Sybil Jackson has a big heart.  “What keeps me going is the fact that, at the end of the day, I have made a difference in another individual’s life,” says Jackson, 35, a one-time manager for a group home for the developmentally disabled.  What also keeps Jackson going is a life-saving gift she received on Memorial Day, 2009: A new heart.

Like many transplant recipients, news that she would need a new organ came as a shock.  “I thought I just had pneumonia,” says Jackson, who, in 2003 – three months before her wedding – got a double diagnosis: Congestive heart failure and dilated cardiomyopathy, a condition in which the heart becomes weakened and enlarged and cannot pump blood efficiently.  She was 27.  “My doctor whisked me back into a room and asked, ‘Do you know how sick you are?  You need a transplant.  If you don’t get a transplant, you’ll be dead in five to ten years.’”

African Americans are disproportionately struck by heart disease and other life-threatening illnesses that may require transplant.  Jackson’s older brother got the same diagnosis.  Her father, who died when Jackson b2ap3_thumbnail_sybil.jpgwas five, had congestive heart failure and diabetes.  According to the American Diabetes Association (, 3.7 million African Americans age 20 or older have the disease; they are 1.8 times more likely than non-Hispanic whites to get it; 25% of blacks between ages 65-74 have diabetes; as do 1 in 4 black women over 55.  The American Heart Association ( states that diabetes increases the risk of heart failure and tends to cause hypertension and atherosclerosis.  Diet change – from high-fat, cholesterol-packed foods to more greens, fruits, nuts, seeds, protein and fewer animal products – plays an enormous role in prevention.

Still, every year, thousands of African Americans need an organ, eye or tissue transplant.  Like Jackson, some will be unaware of their disease until an out-of-the-blue diagnosis (1/3 of blacks with diabetes don’t even know it).  Scarier still: Blacks are desperate for organs yet the number of organ donors is so low, people unnecessarily lose their lives.  “Sometimes people don’t think of it because it hasn’t personally affected them,” Jackson says.  “Don’t let a tragedy happen to you before you even consider it.”

According to UNOS (United Network of Organ Sharing;, there are 110, 288 people on the U.S. transplant waiting list.  Between 1998 and today, 507 African Americans donated organs compared to 4,607 whites.  This tragedy has sparked a worldwide epidemic.  Transplants are more successful when a donor and recipient have the same ethnic background.  And organ donors are a community of life savers.  Says Jackson: “Why not help someone live so your loved one doesn’t die in total vain?”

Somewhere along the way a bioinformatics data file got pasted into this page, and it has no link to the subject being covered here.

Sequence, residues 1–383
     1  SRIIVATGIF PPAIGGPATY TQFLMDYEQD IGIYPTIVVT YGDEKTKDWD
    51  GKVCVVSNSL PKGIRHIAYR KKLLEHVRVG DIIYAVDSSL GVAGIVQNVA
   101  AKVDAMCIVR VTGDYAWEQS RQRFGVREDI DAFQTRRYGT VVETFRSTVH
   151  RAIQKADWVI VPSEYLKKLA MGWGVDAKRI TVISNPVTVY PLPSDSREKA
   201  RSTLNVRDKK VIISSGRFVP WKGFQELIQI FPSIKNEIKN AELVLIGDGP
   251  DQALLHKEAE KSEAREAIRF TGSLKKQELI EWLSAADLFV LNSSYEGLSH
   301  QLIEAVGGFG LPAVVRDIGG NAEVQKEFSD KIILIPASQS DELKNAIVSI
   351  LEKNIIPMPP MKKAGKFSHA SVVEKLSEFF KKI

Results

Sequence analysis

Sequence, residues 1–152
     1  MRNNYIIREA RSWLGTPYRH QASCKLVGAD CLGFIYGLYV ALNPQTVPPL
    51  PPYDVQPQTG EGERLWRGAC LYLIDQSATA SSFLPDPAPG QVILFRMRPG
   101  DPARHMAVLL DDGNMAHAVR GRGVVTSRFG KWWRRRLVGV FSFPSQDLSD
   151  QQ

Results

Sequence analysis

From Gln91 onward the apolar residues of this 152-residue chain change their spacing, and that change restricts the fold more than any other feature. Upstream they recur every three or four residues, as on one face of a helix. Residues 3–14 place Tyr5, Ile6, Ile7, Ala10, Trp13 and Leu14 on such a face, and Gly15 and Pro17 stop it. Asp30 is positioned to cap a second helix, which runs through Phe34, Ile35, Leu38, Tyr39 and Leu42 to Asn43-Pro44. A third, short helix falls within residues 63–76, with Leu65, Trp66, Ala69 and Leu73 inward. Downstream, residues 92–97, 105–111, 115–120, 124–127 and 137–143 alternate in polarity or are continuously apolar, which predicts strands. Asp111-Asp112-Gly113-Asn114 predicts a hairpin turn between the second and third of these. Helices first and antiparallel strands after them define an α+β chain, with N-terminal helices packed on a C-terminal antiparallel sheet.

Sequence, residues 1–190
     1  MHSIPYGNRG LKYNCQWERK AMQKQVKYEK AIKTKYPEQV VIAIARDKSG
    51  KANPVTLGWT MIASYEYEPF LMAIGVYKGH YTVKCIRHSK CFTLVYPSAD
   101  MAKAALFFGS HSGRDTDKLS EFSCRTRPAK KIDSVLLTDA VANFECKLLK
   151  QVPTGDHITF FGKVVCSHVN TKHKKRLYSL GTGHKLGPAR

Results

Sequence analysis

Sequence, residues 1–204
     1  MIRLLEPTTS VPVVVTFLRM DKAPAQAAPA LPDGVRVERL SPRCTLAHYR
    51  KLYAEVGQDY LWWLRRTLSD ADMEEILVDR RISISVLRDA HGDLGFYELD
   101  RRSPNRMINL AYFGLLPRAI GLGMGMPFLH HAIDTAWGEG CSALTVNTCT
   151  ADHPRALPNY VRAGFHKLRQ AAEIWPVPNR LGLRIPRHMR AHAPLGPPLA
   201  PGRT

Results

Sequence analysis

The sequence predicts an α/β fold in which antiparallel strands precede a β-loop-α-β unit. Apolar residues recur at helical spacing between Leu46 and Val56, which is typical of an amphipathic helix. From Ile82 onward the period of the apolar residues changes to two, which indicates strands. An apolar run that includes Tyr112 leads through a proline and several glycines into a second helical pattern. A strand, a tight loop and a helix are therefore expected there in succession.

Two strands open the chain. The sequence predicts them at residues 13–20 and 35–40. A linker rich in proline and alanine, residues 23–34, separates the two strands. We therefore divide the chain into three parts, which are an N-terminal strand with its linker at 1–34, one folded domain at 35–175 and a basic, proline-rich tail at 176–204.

Physician mistrust is a major reason donor numbers are so low.  “It was a struggle for me too,” says Jackson.  “I have always been a caregiver and a great advocate for others but when it came to myself, I was bad.  I had to learn to speak up if I didn’t understand something or question things that I didn’t feel comfortable with…You know your body, you are the boss.  If you still don’t agree, always get a second opinion.  And it is always helpful to take someone with you to an appointment in case you miss some information.  A good doctor will want you to challenge them and not be offended.  If so, get away.”

In April, Jackson will enroll at Bellevue University to earn a Bachelor’s Degree in Behavioral Science and a Masters in Clinical Counseling.  She intends to work with people with traumatic illness, developmental disabilities and transplant families.  “I never had any interest in organ donation until it affected me and because it affected me, it affected other people.  The day I got the call that a heart was available I was at a bar-b-q.  I freaked out.  I was like, ‘I’ve got to go!’  After I left, everybody was in tears and many of them said, “I’m going to be an organ donor.’  Being there when I got the call, they realized, ‘This is what it’s about.’”

For more information, please call Donate Life Nebraska at 800.718.5433.

By Joey Hoffman, originally printed in the Omaha Star